The new owners of St. Ignatius Hospital are aiming for a balance between community and spooky with the long abandoned building in Colfax. Is it possible ?
COLFAX – On a modest square plaque outside the Saint-Ignace hospital in Colfax, a Latin inscription recalls the mission of the abandoned building of 1893: CHARITAS CHRISTI URGET NOS, or, roughly speaking, “The love of Christ we grows. “
It is also an expression used in exorcisms.
Austin Storm, who bought the long-abandoned brick structure on the Palouse this spring with his wife, Laura, is quick to point out the dual significance, given that the former Catholic hospital has become a hotspot for paranormal tourism. .
“I don’t think they wanted that resonance,” Storm said, standing near the stone slab.
The competing symbolism also aligns with the Storms vision for St. Ignatius: to renovate the sagging building into a mixed-use commercial facility, but retain some of the spooky factor that attracted social media influencers and paranormal TV shows. on campus at the cul-de-sac on Mill Street South.
“They said, ‘You’re going to keep the historical tours and the paranormal, aren’t you?’ “Whitman County Historical Society director Valoree Gregory, who leads these tours, said of the organization.” (Austin) and Laura, they said, ‘Yeah, we’re not going to spoil a good thing . ‘ “
But the building is in need of major repair, with a gaping roof, chipped lead paint and puddles on the floor. The Storms partnered with the Whitman County Historical Society on an IndieGoGo campaign to raise funds for the renovation, with an anonymous donation of $ 50,000 to inspire potential donors.
“All the fans of the building have seen it get worse, so everyone understands very well that unless we start working to improve it, preserve it, it will ultimately not be there anymore,” Storm said.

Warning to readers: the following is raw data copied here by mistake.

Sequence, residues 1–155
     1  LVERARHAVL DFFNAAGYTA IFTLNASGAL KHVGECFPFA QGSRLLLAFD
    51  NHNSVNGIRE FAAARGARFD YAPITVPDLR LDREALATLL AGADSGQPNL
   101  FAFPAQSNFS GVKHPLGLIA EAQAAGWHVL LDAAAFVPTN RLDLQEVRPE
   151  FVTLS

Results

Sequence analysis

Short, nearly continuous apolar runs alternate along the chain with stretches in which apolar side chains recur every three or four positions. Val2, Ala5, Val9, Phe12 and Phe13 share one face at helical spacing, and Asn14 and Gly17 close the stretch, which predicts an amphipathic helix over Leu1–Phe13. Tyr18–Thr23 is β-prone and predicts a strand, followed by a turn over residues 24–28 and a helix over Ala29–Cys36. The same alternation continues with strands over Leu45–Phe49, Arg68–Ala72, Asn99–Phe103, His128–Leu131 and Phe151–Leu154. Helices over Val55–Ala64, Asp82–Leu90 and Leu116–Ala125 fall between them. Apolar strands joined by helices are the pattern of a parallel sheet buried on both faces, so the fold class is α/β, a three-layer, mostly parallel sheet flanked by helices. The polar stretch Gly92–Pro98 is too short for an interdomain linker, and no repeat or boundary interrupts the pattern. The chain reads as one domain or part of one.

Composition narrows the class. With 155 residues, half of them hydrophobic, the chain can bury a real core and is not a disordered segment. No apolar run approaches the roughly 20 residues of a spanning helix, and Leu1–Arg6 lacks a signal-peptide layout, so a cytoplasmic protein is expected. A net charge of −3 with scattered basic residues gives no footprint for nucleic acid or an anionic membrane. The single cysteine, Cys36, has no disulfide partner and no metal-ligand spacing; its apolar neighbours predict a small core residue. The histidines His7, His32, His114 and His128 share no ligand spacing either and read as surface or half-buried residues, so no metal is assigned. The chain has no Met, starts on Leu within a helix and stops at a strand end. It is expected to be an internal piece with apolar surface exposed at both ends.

While some are skeptical of the ability – or adequacy – of the upgrades, the Storms and their supporters see the hospital as some sort of gruesome economic lightning rod for Colfax that also honors its past.
“There is room for both,” Storm said. “It’s our hope is to see the beautiful architecture and… all the amazing things it could do for this community and the Palouse as a whole.”
“A common loss”
Built for $ 40,000 in the last decade of the 19th century, St. Ignatius was the tallest building in eastern Washington at the time.
A pioneer who moved to Washington in 1862. A once wealthy moneylender who died as a “poor man” and ward of the county. A young boy who was struck down by a sudden illness after a camping trip. These are some of the patients whose lives ended inside the walls of Saint-Ignace, according to newspaper archives.
Designed by Mother Joseph Pariseau, a renowned architect and missionary whose birthday is a public holiday in Washington, St. Ignatius ceased operations as a hospital in the 1960s and eventually turned into a nursing home. long-lived, closing shortly after the turn of the millennium. . It was once owned by Derrick Fincher, who was convicted of fraud in 2018.
“You have a strong feeling that is not how it is supposed to be,” Storm said of the building’s derelict state. “Something has really gone wrong. Like, it’s a community loss.
Storm unlocked the south door of the old hospital and entered on a blustery fall morning to assess the damage after a night of heavy rain.